The results of this study show that P. argentipes exposure was reduced by 9 to 12% in people living in villages where LNs were used compared to controls. This reduction is in the same order of magnitude of the effect of LN on L. donovani infection observed in the same study clusters in India and Nepal [8]. Even if the use of LN reduced the P. argentipes indoor density in the study clusters [5] and seemed to provide some degree of personal protection [8], [23], a significant number of subjects living in intervention clusters had high levels of antibodies against P. argentipes after 24 months of LN use (43.5% were ELISA positive). These results could be explained if LN failed to reduce the sand fly abundance as shown in a previous study in the area [24] or by the incorrect use of LN. However, as over 90% of the participants in the intervention clusters use the LN regularly (i.e. over 80% of the nights), they seem to support the theory that a substantial fraction of L. donovani transmission occurs outside the house where LNs would not prevent sand fly-human contact [8]. This goes against the traditional narrative that P. argentipes predominantly bite at night, and inside houses [9][12]. This hypothesis cannot be proved with this study design but it is supported by the trial results as a whole: i.e. similar L. donovani infection (5.4% vs. 5.5%) and VL (0.38% vs. 0.40%) rates were reported in both intervention and control clusters [8]. Moreover, P. argentipes are known to breed outside households [25], significant numbers of P. argentipes captured around households [26][27] and about 15–20% of those collected in cattle sheds had fed on humans [28][29]. The latter results could be related to the movement of blood fed females but they also suggest that P. argentipes are somehow exophagic.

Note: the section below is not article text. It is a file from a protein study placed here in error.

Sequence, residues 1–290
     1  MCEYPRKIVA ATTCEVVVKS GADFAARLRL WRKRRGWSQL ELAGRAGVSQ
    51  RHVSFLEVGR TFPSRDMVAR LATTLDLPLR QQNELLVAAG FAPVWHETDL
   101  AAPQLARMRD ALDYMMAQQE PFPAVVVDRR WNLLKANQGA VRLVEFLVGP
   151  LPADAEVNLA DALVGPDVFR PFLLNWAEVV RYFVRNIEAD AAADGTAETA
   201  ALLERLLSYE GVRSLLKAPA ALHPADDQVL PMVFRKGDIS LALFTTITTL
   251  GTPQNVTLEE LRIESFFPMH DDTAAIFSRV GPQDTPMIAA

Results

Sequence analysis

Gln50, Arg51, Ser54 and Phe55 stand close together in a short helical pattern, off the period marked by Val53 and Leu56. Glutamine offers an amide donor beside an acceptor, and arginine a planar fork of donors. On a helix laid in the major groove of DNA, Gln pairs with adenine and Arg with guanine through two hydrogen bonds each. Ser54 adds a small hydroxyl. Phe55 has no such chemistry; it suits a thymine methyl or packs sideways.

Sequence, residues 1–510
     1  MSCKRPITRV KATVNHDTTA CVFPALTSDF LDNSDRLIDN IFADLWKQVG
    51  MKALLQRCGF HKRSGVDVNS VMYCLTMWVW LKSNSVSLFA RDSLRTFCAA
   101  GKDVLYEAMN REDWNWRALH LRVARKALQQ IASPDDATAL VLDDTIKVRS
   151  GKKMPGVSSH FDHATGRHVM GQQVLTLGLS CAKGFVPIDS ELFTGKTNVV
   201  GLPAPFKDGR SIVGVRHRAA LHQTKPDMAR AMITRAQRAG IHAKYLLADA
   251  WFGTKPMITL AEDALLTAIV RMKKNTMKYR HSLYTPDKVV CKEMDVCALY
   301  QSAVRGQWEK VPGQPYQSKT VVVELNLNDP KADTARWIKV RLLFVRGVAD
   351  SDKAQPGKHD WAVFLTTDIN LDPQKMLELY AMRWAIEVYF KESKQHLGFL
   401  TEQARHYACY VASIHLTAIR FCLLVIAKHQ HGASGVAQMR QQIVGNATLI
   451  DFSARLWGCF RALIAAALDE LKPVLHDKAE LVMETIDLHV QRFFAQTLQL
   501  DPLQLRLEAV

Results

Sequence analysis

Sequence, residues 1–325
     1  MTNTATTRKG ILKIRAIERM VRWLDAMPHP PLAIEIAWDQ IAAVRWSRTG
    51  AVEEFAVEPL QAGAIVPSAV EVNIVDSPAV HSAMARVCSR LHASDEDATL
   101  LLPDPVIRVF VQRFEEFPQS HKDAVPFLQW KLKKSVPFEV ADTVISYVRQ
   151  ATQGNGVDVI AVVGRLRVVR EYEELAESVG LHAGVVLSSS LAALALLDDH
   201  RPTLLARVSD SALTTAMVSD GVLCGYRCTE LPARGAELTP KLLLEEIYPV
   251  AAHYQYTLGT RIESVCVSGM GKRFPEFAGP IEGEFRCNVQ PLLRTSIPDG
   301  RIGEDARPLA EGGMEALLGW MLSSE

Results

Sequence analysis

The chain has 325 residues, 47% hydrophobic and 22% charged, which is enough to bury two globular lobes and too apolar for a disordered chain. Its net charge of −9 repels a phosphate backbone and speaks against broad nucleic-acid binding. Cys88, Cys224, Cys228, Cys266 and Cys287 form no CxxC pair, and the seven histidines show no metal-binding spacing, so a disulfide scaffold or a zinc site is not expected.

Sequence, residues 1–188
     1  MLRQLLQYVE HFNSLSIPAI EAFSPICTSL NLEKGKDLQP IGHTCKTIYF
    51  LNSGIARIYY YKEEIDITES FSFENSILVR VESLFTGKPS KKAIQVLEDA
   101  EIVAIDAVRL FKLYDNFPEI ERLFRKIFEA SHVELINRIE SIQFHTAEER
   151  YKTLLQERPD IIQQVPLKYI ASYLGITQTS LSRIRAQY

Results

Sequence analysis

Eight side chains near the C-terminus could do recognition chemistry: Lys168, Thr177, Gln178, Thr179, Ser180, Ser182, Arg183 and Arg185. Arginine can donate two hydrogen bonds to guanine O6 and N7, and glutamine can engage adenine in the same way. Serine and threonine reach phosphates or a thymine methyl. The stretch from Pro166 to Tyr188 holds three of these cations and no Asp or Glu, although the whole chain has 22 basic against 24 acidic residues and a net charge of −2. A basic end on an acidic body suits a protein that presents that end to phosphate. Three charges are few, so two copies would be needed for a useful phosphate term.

The effect of LNs on P. papatasi exposure was similar with a 9–11% reduction in exposure. Phlebotomus papatasi is a sand fly sympatric with P. argentipes throughout the Indian subcontinent, is also endophilic and highly anthropophilic [30][31]. Although it is man-biting, Phlebotomus papatasi does not vector L. donovani. However, it would appear that LNs protect against the bite of P. argentipes and P. papatasi equally.

By removing the non-responders we improve the specificity of the saliva ELISA. The adjusted data revealed that the difference in geometric mean of ELISA ODs for P. argentipes shows a greater drop that that observed for P. papatasi. This may be due to differences in bloodfeeding or resting behaviour, as hypothesised above. Currently, P. argentipes is considered more endophilic than endophagic, often found digesting their bovine bloodmeals within households which have live stock nearby, or are commonly housed in the same building [25], [27][29]. In contrast, P. papatasi is considered less opportunistic and more endophagic [30][31]. If this is the case one would expect a larger drop in ELISA ODs against P. papatasi as they would come into contact with the LN, attracted to the sleeping occupant. Recently, Dinesh and colleagues showed that P, argentipes from the same areas of India and Nepal as our study were very sensitive to deltamethrin but P. papatasi was not compared [32]. Therefore, there remains the possibility of different susceptibilities to this insecticide between different sand fly populations. An alternative hypothesis is that the LNs repelled P. papatasi, although no such properties have been reported in the literature.